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- PHOTO BY HOLLY RAVAZZOLO
- As a St. Louis native, Lisa Grozdanic can navigate the city in ways that are alien to many immigrants.
On a sunny Tuesday in mid-August, Grozdanic, wearing a head scarf and cheerful pink blouse, drops in on the Shaker-Saleh family, who came to St. Louis from an area of Syria that borders Iraq in July 2015. They live on the top floor of a duplex in Bevo Mill. It's much different than their first apartment in the city, which was on a rough stretch of Oregon. They moved after just three months, once their time with the International Institute was up.
Thirteen-year-old Goran, the younger of the family's two children, opens the front door with a big smile. On the landing leading up to their flat are cubbies for shoes before the final ascent up to their door. Goran opens it to reveal behind him a beaming Amina, his twenty-year-old sister. Bubbling with excitement, Amina and Grozdanic embrace like relatives at the holidays after a long separation.
There is a spacious living room, and Amina, Grozdanic and the siblings' mother, Samila Saleh, settle in an L-shaped Arabic-style sofa with flat cushions on the floor. The room also has another Western-style sofa that Goran perches on. Later, Mohammad Saleh will join and sit quietly in an armchair in the front room, smoking a cigarette.
The Shaker-Salehs are one of the first families who have been with House of Goods since the warehouse opened last year, which means they've spent a lot of time with Grozdanic. "So much so now that we all love each other and look at each other like we are family," she says.
The organization is responsible for the vast majority of what's in their apartment, and now they give back to the organization in turn: Amina visits families with Grozdanic, acting as a sort of interpreter, while Goran and his father volunteer at the warehouse.
Grozdanic is recently back from vacation in Florida, and Amina says that the separation felt like a year, even though Grozdanic video-conferenced with the entire family each night she was away.
"I say, 'Lisa, what day are you back?'" Amina says, laughing. "She say, 'Maybe tomorrow, maybe today.' I say, 'Every day you changed. Why do you change? No more ... back please!'"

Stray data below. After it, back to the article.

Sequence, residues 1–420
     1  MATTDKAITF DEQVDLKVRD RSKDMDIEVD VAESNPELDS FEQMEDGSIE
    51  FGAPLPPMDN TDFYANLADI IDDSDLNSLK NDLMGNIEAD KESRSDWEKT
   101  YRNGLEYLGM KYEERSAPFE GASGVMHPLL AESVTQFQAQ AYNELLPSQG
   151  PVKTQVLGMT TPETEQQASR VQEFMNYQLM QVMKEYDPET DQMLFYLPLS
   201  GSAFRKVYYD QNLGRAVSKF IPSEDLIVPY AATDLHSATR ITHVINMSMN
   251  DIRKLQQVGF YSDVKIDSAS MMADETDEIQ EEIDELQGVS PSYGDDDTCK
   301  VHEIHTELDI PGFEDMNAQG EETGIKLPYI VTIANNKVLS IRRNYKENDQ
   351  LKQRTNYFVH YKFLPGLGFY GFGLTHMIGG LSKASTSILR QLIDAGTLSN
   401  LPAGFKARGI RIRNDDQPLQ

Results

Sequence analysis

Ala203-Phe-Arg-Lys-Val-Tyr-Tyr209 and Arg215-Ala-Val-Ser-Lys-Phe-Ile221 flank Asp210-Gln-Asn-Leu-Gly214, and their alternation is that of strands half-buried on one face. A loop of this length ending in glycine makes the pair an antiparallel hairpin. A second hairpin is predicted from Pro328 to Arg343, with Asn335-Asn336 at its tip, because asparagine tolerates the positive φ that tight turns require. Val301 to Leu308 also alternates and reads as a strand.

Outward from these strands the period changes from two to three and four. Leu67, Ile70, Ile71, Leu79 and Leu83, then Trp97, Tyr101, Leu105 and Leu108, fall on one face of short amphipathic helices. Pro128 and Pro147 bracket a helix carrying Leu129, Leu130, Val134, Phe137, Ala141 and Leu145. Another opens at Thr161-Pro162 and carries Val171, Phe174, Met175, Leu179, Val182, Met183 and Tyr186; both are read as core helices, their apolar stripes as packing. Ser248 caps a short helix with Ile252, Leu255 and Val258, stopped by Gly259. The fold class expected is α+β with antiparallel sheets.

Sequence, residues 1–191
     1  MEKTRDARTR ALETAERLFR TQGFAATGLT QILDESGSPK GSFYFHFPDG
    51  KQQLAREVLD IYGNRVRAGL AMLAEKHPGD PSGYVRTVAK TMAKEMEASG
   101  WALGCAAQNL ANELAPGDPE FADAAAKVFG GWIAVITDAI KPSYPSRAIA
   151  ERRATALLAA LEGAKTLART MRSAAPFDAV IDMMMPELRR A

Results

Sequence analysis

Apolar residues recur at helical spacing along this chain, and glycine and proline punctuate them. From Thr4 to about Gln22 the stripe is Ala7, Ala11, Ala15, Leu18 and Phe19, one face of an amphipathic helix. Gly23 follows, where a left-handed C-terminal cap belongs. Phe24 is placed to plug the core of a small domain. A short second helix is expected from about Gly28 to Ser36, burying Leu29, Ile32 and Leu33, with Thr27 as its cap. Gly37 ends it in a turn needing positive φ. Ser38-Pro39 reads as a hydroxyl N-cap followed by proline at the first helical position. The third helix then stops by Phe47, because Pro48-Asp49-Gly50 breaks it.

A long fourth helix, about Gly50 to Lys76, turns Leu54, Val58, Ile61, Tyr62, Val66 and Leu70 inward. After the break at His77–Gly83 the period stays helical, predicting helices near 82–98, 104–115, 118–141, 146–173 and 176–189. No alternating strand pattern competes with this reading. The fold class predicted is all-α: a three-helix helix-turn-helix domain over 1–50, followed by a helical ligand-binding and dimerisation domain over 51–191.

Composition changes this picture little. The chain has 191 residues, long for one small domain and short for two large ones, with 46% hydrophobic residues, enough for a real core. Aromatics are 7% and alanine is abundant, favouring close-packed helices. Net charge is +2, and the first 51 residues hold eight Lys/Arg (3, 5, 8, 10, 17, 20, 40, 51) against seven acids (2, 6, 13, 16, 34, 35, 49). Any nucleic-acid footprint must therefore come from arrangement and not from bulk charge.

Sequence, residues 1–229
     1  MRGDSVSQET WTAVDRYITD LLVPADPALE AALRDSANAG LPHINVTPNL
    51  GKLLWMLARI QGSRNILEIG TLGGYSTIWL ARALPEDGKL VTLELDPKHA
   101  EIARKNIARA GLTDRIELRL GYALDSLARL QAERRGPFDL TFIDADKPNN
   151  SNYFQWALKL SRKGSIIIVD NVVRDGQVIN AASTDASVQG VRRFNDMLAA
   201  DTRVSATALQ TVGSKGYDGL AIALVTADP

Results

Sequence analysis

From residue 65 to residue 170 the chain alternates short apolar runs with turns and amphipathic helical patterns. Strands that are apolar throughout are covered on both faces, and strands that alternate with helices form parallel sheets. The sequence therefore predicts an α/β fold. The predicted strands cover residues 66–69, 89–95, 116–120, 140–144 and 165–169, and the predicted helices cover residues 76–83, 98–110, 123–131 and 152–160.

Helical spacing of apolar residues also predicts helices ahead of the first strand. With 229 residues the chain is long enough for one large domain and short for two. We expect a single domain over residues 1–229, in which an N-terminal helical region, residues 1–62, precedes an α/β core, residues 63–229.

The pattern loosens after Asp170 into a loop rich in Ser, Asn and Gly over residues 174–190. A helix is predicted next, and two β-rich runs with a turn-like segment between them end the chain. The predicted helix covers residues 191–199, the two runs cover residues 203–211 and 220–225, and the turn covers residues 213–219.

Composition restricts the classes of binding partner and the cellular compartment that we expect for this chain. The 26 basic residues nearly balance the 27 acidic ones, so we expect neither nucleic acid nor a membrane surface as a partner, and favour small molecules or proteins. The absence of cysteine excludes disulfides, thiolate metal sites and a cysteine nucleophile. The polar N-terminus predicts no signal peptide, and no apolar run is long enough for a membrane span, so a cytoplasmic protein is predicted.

When she was living in Syria, Amina was studying to become an Arabic language teacher. Her plans have changed now that she's in a place where Arabic isn't widely offered as a language, much less in the context of a teaching program. But she's looking to community college, and after that, her hopes are set on medical or law school.
The family dealt with culture shock upon arrival. They'd heard there wasn't a Muslim community here — nowhere to pray, no facilities or programs. But Amina says that it's been easy to bond with the community. Ramadan is a time that naturally brings people together.
One of the biggest hurdles for refugees, Grozdanic says, is the dissonance between the America they heard about — a Hollywood-glazed, romantic one where the path to resettlement is easy and the poetry writ under the Statue of Liberty looms large — and the America they arrive in. For those yanked out of everything familiar, who would not necessarily have left their homes but for the crisis driving them out, and who are dealing with the psychological repercussions of that jolt, the on-the-ground reality exacerbates the culture shock.
"Probably every home visit that we've ever gone onto, most of the mothers are crying because ... I guess because they're painted a pretty picture, that when they get here they're going to get this and they're going to get that, and when they get here, they get a very small apartment with table and chairs," says Grozdanic.
She and Amina visited a woman who had recently arrived from Jordan. "The first time I met her she was crying and screaming, 'Send me back to Jordan, please!'" Grozdanic says.
"She say ... 'I don't like living here. Everything bad,'" adds Amina.
Grozdanic's goal is to help them understand that the first apartment is just temporary. "You're safe here," she tells them, asking for patience. "You have a bed to sleep in. If you're sitting on the floor, OK— they'll get everything they need slowly."
Amina also helps new arrivals bridge the culture shock. She explains to refugees taking stock of empty apartments and navigating new systems what her family had when they came — and what they have now.
"Amina gives them the example of [her family's] life," says Grozdanic. "How they first moved here and how they didn't go out of the house, and how they didn't want to eat anything, and how they were so confused."
The woman from Jordan received items from House of Goods in the two weeks since Grozdanic and Amina's first visit. "She was hugging me and kissing me," says Grozdanic. "Thanking me. It was totally different."
Younger refugees tend to be Americanized fairly quickly upon arrival, she says. Amina and Goran are great examples. Amina spoke very little English when she arrived, Grozdanic says, but now look: She acts as a translator.
Goran has crossed cultural bridges in other ways: When he speaks English, his soft Syrian accent is now tinged with vowels pronounced like an English-speaking Bosnian. "I can tell the difference from first meeting them to seeing them now, talking with them now," Grozdanic says.